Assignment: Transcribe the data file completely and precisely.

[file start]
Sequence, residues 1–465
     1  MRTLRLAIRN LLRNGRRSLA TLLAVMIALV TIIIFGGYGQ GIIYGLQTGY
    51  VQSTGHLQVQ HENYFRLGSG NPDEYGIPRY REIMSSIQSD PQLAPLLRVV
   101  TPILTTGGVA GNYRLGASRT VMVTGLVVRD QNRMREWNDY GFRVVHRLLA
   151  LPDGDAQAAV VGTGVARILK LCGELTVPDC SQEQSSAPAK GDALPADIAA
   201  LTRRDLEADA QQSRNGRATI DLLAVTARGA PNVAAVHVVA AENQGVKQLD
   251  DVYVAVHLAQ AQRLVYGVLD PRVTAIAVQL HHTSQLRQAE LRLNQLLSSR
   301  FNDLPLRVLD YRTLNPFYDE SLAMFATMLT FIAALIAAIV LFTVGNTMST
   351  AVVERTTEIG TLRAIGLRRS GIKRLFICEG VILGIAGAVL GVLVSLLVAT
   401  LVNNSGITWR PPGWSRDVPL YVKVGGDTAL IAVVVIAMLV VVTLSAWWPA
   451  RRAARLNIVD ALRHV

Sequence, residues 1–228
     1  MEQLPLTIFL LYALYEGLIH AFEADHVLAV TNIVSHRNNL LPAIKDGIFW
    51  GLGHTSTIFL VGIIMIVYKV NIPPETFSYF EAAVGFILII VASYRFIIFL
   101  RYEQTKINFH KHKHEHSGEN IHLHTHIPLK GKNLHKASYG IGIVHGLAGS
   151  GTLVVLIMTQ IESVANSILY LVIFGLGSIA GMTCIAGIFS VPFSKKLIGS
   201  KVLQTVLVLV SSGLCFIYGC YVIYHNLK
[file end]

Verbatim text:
Sequence, residues 1–465
     1  MRTLRLAIRN LLRNGRRSLA TLLAVMIALV TIIIFGGYGQ GIIYGLQTGY
    51  VQSTGHLQVQ HENYFRLGSG NPDEYGIPRY REIMSSIQSD PQLAPLLRVV
   101  TPILTTGGVA GNYRLGASRT VMVTGLVVRD QNRMREWNDY GFRVVHRLLA
   151  LPDGDAQAAV VGTGVARILK LCGELTVPDC SQEQSSAPAK GDALPADIAA
   201  LTRRDLEADA QQSRNGRATI DLLAVTARGA PNVAAVHVVA AENQGVKQLD
   251  DVYVAVHLAQ AQRLVYGVLD PRVTAIAVQL HHTSQLRQAE LRLNQLLSSR
   301  FNDLPLRVLD YRTLNPFYDE SLAMFATMLT FIAALIAAIV LFTVGNTMST
   351  AVVERTTEIG TLRAIGLRRS GIKRLFICEG VILGIAGAVL GVLVSLLVAT
   401  LVNNSGITWR PPGWSRDVPL YVKVGGDTAL IAVVVIAMLV VVTLSAWWPA
   451  RRAARLNIVD ALRHV

Sequence, residues 1–228
     1  MEQLPLTIFL LYALYEGLIH AFEADHVLAV TNIVSHRNNL LPAIKDGIFW
    51  GLGHTSTIFL VGIIMIVYKV NIPPETFSYF EAAVGFILII VASYRFIIFL
   101  RYEQTKINFH KHKHEHSGEN IHLHTHIPLK GKNLHKASYG IGIVHGLAGS
   151  GTLVVLIMTQ IESVANSILY LVIFGLGSIA GMTCIAGIFS VPFSKKLIGS
   201  KVLQTVLVLV SSGLCFIYGC YVIYHNLK